“Garden of the Last Empress,” a work by massively under-sung abstract expressionist Regina Bogat flirts with the eye through pastel decadence. Paired with two works by Karla Black—”That Time” and “From Found a Soft”—we receive a pinhole look into an abstract spring garden. The wall to the right houses the most exhilarating work. Yinka Shonibare’s “Bling Painting” serves as a glittering indictment of colonialism. Like lush undergrowth, it holds together all the surrounding work piercing them with dialogue about their decadence. Its masterful curation and the subtle shifts in thinking each work lends to the other are refreshing and inspiring as a cool spring morning.

Ai Weiwei’s “Bicycle Basket with Flowers”

At this point in the walkthrough, I find myself overwhelmed. Though the BGFA is not museum-like in size, it is packing museum-size punch. The next exhibition space has many similar vibrant interpolations. Ai Weiwei’s “Bicycle Basket with Flowers” bristles up against Alex Katz’s “Jean on Horse” —the Chinese dissident’s porcelain ode to his years-long travel ban, given background by Katz’s apolitical depiction of aristocratic leisure.

There’s a dive into nature next and a place of unknowing leaping, through Rachel Kneebone’s “At the Edge of Dawn and Darkness” porcelain complementing Weiwei’s basket, but only in materiality. In aesthetic, the work plays more fluidly with Jiří Georg Dokoupil’s “Untitled #4,” a glowing blue field with amorphous markings that vanquish the notion of an artist’s hand. “Im Garten des Priapus” by Miron Schmückle puts a bonnet on this area of the exhibition with its eerie, biomorphic renderings, giving a primordial counterpoint to the rest of the works.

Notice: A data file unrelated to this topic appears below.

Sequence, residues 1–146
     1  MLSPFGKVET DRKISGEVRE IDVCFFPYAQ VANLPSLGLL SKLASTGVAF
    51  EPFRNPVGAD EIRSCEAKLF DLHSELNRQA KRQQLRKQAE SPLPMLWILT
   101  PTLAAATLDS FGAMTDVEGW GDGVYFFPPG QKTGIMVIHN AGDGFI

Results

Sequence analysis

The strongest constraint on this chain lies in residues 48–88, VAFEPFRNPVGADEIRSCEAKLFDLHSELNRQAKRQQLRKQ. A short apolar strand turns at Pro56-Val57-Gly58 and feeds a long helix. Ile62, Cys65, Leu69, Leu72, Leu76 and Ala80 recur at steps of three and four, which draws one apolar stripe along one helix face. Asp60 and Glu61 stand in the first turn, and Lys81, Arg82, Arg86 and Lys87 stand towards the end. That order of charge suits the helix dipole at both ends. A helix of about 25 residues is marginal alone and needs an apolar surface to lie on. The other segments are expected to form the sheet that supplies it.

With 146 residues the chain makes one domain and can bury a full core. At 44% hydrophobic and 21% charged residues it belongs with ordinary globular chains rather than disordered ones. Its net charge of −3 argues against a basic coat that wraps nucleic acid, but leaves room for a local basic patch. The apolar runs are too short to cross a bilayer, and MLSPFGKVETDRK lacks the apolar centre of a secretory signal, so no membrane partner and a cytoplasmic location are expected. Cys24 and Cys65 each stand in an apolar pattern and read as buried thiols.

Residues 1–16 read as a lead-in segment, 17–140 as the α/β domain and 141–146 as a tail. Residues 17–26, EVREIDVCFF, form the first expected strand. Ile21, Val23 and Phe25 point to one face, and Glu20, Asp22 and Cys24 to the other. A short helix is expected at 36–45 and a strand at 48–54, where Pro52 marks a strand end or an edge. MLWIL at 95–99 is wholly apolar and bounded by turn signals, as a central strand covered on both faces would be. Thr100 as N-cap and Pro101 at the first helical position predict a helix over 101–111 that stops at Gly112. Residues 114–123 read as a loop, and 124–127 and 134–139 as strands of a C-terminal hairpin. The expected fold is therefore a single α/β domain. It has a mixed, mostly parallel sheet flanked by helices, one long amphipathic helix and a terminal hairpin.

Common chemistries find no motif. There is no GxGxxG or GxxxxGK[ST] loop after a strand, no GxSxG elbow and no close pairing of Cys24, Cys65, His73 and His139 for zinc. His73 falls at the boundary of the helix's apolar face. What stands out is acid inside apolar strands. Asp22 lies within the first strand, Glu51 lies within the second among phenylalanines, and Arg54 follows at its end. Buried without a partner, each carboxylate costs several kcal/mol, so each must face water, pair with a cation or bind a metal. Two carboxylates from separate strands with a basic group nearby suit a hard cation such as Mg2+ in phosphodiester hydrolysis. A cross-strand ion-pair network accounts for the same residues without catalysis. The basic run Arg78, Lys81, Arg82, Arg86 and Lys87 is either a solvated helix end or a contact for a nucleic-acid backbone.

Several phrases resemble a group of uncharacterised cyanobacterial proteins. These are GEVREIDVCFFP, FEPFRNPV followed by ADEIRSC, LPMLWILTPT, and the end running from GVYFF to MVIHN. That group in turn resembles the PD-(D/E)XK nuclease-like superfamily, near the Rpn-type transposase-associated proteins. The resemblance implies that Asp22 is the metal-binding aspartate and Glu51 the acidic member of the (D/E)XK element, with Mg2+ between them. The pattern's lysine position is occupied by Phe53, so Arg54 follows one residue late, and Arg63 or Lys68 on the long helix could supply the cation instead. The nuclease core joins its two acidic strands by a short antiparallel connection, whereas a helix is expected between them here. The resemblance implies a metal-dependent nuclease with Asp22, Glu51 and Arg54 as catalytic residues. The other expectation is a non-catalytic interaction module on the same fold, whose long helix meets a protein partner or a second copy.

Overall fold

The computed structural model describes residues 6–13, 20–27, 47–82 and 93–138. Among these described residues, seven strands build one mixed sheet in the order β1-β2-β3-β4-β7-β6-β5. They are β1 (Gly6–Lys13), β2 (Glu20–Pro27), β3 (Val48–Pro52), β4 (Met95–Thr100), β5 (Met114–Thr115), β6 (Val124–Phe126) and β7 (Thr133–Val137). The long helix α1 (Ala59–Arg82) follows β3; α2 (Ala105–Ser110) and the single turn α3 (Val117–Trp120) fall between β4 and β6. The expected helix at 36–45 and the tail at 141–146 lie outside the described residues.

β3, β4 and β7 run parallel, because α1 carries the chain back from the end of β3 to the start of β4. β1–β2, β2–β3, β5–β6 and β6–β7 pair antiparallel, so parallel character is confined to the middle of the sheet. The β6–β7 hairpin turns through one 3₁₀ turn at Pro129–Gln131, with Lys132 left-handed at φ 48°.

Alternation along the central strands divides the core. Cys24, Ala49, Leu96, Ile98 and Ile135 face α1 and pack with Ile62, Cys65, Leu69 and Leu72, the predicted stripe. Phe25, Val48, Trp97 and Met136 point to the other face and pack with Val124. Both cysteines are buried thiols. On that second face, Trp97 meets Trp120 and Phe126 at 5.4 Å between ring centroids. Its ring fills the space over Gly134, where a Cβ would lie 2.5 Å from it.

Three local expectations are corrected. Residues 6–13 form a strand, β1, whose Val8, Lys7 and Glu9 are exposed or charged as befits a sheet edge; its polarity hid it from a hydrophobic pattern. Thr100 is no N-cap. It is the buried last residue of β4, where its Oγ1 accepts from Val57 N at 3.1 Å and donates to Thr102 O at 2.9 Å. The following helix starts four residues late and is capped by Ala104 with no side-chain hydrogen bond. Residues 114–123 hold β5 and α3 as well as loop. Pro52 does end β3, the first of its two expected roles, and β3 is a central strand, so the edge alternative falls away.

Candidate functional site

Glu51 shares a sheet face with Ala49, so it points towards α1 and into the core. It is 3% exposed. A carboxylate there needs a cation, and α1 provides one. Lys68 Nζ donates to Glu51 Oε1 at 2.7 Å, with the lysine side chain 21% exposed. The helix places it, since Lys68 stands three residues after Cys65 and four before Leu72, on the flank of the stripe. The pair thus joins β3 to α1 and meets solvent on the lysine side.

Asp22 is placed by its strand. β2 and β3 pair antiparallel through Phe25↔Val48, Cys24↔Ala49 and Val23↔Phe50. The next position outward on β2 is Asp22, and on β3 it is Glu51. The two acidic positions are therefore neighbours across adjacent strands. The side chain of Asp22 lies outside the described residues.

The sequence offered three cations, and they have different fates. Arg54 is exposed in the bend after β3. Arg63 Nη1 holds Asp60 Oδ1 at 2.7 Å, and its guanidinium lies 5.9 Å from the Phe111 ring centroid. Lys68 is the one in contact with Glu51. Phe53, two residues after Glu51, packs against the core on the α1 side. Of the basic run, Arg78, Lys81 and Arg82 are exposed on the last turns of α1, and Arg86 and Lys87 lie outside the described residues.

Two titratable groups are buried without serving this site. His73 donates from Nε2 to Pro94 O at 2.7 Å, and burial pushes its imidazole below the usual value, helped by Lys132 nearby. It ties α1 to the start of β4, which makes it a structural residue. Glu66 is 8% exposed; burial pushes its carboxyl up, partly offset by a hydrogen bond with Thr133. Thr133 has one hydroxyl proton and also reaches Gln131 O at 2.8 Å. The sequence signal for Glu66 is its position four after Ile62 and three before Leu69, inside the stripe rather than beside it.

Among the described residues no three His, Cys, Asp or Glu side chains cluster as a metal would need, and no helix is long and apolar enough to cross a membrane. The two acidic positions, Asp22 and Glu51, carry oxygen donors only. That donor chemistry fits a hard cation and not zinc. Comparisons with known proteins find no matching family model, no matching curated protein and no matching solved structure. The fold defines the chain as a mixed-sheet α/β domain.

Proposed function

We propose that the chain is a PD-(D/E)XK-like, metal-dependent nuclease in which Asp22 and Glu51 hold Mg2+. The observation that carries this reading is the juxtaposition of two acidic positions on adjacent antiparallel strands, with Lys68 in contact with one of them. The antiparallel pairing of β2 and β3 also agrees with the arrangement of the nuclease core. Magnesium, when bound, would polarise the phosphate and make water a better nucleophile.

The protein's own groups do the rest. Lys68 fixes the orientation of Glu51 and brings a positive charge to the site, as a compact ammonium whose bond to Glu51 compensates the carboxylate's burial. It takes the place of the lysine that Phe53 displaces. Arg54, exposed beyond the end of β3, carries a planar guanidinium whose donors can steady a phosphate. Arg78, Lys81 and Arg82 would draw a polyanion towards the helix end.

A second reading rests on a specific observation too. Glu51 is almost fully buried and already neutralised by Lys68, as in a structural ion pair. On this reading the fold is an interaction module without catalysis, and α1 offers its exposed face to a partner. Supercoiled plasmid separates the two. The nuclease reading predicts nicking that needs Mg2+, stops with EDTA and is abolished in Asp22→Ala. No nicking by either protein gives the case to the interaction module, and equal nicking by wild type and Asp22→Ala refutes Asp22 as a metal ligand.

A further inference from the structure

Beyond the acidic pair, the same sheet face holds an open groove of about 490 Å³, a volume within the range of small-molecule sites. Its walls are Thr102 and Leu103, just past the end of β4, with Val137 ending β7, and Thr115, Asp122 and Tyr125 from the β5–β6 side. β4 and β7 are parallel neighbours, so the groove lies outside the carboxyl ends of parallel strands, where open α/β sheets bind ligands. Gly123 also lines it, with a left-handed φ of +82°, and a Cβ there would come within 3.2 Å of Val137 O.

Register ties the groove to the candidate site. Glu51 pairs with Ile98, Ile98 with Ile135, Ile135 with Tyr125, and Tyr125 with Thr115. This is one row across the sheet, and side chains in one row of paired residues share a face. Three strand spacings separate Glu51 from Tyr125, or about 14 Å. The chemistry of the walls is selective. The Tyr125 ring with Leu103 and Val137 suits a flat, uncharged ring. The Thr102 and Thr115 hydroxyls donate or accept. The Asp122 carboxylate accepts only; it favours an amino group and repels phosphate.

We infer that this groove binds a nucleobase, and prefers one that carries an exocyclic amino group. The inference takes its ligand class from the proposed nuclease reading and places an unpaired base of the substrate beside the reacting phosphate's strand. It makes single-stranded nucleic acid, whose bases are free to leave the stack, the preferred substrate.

Nick Cave’s “Soundsuit 8:46”

In final the adjacent space is the pièce de résistance—Nick Cave’s “Soundsuit 8:46.” Towering like the protective armor it is, “8:46” sings of springs both personal and political. The work is a direct commentary on the death of George Floyd and blossoms like the political unrest surrounding it. Cave’s work, floral and lush, cross-pollinates exquisitely with Martine Gutierrez’s Indigenous Woman series, which agitates with similar chromatic-saturated anarchy, refuting oppressive notions of gender and divinity. Shawn Huckins’ “Evening Glow at Lake Louise: Hey Siri, How Do I Leave the Planet?” supplies a shift in hue but not in tone. In these three works staged together, there is a histamine reaction to the violence of our era. At this point like a child rambling through lush meadows, I find myself exhausted and elated simultaneously.

Martine Gutierrez, “Chin ‘Demon of Lust,’ p.93” from the Indigenous Woman series

I’ve rarely come upon an exhibition this engaging and complex. There are so many exceptional works that I’ve failed to mention here that you shouldn’t fail to see. In Bloom is as dense and complex as any ecosystem—stunning flowers of artistic prowess interconnected by sociocultural mycelium integrating uncanny visions and ideations that are beautiful to explore. Please stop and smell the flowers.

Cover photo: A detail of “Demons, Xochipilli ‘The Flower Prince,’ p.91” from the Indigenous Woman series by Martine Gutierrez

All photos courtesy of Jenks Imaging

In Bloom is on view at the Bellagio Gallery of Fine Art inside the Bellagio casino on the Las Vegas Strip through Sept. 10. Tickets start at $20. Tickets and info here.

Posted by Brent Holmes

Brent Holmes is a wizened veteran of the Las Vegas arts and journalism scene, a lonesome cowboy riding the high desert who occasionally wanders in to communicate dispatches on the innumerable goings on in this thing called civilization. Beware his haggard stare and keen eye.